Of course, it is by no means the case that all big lenders offer fair terms and all secondary lenders do not – secondary lenders can sometimes be a better bet than primary lenders. It is a difficult market to navigate as a result and so research is essential. Also of help, though, could be a broker.
Such a firm, the argument goes, should know exactly where to look to find a lender compatible with a printer’s particular business type and proposition. They will also have access to lenders that only ever deal with printers through brokers, according to Asset Finance Solution’s Bailey.
A broker with an in-depth knowledge of print will also be aware, he adds, that where you’re best to take a proposition will depend on the type of machine you’re intending to buy or secure the loan on.
"If two people came to me, one with digital printer and one with a Polar guillotine, where I’d look to place the two deals would probably be completely different," he says.
He explains that digital printing equipment can be particularly tricky as it’s viewed as a highly depreciating asset. And so expert advice, he says, is crucial.
"If you’re trying to fund digital equipment – up to £50,000 worth – you could waste a lot of time going to banks with no appetite for that sort of thing," he says. "Also, a lot of banks have set minimum lending levels, so they’re not interested in smaller deals."
Brokers will also be able to advise on what information printers should present to make themselves more eligible for a loan, says Bailey.
They can also advise on how restructuring certain aspects of a business will make it a more attractive prospective borrower, says UCF’s Davies. "Lenders will want to see that you’ve taken other steps to streamline the business first," he says. "So it might be a case of reducing staff from 20 to 16, or closing a finishing department that you were paying £4,000 a month rent on."
Which begs the question of whether printers looking to get an asset-based loan for urgently needed cashflow should look to other courses of action perhaps instead of taking the plunge. Davies says many would be well-advised to do just this.
"A lot of companies that have seen turnover fall by 20% or 30% over the past 12 months, have still got the same staffing levels because they’re hoping things will pick up," he says. "But you can’t do that. You’ve got to get your overheads down and make it as cheap as possible to open your doors in the morning."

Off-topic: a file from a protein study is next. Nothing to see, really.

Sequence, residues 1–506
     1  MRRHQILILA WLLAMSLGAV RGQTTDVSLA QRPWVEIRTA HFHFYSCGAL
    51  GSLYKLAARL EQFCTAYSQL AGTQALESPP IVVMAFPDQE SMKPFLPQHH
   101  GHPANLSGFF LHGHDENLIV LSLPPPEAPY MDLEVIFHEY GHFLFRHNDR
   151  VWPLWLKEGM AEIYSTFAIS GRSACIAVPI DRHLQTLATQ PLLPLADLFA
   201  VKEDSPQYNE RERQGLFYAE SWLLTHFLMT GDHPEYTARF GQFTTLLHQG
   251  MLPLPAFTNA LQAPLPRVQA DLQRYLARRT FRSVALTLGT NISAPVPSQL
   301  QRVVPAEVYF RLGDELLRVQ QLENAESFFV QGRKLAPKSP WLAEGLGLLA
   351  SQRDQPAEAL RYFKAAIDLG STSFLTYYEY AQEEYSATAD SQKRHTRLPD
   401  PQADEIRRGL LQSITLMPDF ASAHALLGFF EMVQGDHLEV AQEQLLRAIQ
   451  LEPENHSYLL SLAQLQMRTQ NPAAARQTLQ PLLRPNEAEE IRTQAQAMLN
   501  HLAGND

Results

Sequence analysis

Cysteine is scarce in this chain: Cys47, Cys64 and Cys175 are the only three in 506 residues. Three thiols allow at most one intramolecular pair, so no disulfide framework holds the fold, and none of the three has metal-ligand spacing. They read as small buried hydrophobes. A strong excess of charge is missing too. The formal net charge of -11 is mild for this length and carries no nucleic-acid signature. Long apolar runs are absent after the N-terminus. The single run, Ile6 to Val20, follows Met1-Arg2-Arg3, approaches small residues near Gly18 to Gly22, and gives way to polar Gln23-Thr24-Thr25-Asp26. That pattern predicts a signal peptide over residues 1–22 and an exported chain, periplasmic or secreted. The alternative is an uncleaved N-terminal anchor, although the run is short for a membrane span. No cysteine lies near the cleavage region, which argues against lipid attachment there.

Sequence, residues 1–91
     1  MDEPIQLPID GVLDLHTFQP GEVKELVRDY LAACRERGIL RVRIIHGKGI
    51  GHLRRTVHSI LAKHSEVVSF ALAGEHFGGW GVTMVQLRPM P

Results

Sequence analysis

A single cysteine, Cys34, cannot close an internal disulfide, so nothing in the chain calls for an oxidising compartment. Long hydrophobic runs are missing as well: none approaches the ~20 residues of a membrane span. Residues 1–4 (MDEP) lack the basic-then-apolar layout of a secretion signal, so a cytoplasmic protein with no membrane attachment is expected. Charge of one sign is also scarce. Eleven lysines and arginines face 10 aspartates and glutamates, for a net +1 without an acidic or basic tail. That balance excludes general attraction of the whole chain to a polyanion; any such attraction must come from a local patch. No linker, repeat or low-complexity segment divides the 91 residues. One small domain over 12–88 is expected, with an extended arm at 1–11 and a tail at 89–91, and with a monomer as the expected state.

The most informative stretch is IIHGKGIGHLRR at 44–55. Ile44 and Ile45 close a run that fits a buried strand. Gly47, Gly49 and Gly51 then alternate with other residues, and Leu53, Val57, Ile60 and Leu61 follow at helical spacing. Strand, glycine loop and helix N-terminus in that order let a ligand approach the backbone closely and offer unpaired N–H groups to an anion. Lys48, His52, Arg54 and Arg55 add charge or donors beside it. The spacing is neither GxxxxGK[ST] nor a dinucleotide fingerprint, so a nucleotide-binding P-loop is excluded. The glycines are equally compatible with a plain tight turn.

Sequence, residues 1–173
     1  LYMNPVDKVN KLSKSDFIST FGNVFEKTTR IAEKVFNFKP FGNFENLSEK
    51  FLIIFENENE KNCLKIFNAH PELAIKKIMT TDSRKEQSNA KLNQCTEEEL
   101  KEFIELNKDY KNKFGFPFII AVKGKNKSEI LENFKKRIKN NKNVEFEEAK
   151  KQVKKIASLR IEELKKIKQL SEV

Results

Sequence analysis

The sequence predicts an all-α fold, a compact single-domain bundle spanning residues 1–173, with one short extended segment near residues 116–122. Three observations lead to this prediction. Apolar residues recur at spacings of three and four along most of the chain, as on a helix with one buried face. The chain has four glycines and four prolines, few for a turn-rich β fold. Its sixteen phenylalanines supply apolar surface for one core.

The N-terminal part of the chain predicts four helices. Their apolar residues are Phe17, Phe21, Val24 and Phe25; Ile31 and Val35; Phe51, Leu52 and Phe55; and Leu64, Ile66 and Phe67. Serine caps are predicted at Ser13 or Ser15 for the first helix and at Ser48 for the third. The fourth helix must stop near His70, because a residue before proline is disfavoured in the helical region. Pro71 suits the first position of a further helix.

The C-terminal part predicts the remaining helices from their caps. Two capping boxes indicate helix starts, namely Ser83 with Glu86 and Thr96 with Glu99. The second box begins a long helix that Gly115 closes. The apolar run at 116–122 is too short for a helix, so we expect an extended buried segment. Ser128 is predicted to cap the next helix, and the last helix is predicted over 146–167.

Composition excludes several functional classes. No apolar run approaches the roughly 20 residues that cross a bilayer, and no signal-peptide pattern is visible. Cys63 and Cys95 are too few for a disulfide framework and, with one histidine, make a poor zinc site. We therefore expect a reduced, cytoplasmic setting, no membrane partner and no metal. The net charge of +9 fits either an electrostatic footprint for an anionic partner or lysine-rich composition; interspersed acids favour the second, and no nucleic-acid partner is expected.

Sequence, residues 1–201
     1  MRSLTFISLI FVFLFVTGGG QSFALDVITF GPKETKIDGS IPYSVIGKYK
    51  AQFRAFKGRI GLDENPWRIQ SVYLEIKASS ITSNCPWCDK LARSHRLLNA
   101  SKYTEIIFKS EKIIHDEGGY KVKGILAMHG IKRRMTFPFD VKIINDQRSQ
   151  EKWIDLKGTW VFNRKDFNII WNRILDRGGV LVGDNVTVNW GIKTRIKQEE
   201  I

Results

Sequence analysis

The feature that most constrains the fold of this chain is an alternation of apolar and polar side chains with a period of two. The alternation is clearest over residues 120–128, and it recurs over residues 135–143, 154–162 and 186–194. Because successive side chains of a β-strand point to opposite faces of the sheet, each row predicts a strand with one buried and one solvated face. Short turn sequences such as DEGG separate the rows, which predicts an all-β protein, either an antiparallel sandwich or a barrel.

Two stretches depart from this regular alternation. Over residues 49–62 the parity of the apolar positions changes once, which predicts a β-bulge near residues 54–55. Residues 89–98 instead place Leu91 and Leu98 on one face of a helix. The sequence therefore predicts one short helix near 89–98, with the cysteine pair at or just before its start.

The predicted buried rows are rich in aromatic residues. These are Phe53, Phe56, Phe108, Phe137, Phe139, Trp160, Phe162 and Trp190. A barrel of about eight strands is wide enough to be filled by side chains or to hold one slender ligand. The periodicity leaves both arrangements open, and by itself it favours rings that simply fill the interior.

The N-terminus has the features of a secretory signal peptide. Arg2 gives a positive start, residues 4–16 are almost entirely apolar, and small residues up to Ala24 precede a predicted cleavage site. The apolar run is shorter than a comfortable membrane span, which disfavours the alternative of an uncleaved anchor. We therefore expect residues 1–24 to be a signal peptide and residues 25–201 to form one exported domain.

And so, in light of Davies’ experience that some printers are more willing to get an asset-based loan for cashflow headroom than they are to restructure their operations, it could be argued that this form of finance is in fact still too easy to come by.
Richmond Capital’s Holohan certainly thinks so. "I think there still aren’t really enough boxes people have to tick to get this type of loan," he says. "People are tempted to make ill-advised decisions because they’re so enthralled by the equipment itself and because this kind of finance is so commonplace in the industry."
And so perhaps what seems to be a reining in for asset based loans will have a positive impact. In the future, only those that can really prove a sustainable business plan will receive a loan, while those looking for a less-than-cheap fix to tide a business over to the next month will struggle. In the long term, this may benefit businesses as it will force them to reassess why they need that quick fix in the first place – and the answers to those questions are likely to help the industry as a whole as well as the individual company.
TOP TIPS: ASSET-BASED LENDING
- Remember that who to approach will depend on what type of equipment you’re funding or securing the loan on
- Consider getting an independent valuation of the company’s assets. "This will help illuminate untapped value and can cost as little as £500," says Close Print Finance’s David Bunker.
- Avoid penalties for early settlement. And if you have a deal in place that does involve this, remember there have been some successful legal challenges to these charges recently.
- Remember that although they may be more likely to give you the loan because you’re a known quantity, getting a loan from your own bank may limit your credit options. "I’ve seen a situation recently where within a matter of days after securing the loan, the printer’s bank was on the phone saying now they’d done the new deal they’d like to review their overdraft position because they felt the bank was too exposed," reports Asset Finance Solutions’ Mark Bailey. "So it's sometimes best not to put all your eggs in one basket."